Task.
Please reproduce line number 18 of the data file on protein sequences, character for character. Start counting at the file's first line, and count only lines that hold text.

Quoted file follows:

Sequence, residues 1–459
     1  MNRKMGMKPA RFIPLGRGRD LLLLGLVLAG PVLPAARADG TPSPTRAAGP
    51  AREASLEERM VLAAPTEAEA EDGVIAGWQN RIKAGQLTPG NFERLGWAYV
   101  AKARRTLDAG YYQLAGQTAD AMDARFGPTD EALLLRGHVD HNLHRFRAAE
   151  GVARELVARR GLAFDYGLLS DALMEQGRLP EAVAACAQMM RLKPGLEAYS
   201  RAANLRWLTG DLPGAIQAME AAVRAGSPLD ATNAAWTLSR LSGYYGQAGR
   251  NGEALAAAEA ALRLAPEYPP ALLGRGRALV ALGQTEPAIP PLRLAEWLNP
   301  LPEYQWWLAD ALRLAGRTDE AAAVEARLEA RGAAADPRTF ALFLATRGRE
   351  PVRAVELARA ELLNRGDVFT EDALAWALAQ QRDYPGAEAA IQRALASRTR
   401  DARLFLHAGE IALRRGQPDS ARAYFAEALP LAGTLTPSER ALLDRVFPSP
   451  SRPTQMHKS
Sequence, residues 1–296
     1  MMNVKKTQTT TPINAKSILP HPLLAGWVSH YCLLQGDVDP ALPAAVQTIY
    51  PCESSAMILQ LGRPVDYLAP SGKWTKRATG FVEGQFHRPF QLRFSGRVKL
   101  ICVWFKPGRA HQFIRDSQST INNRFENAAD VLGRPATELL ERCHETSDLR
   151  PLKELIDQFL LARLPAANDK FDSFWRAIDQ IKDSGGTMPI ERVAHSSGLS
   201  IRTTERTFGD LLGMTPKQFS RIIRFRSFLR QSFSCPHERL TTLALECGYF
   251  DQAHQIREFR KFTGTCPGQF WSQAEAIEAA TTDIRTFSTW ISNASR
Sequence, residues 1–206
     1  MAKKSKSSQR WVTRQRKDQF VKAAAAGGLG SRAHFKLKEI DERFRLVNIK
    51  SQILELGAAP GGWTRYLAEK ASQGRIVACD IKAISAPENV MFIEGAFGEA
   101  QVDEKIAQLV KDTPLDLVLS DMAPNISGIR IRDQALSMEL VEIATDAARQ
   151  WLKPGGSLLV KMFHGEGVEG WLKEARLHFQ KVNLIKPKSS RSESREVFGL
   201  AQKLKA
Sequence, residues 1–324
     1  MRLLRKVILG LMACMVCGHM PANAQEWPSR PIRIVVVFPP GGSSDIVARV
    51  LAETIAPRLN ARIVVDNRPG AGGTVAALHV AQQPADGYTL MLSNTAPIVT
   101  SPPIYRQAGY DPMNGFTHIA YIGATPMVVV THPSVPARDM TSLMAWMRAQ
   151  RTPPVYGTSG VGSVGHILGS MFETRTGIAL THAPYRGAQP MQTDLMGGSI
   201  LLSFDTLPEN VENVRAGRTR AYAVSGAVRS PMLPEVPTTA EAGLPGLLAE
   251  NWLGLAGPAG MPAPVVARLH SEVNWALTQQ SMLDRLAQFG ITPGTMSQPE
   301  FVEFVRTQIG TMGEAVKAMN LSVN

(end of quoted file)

   251  DQAHQIREFR KFTGTCPGQF WSQAEAIEAA TTDIRTFSTW ISNASR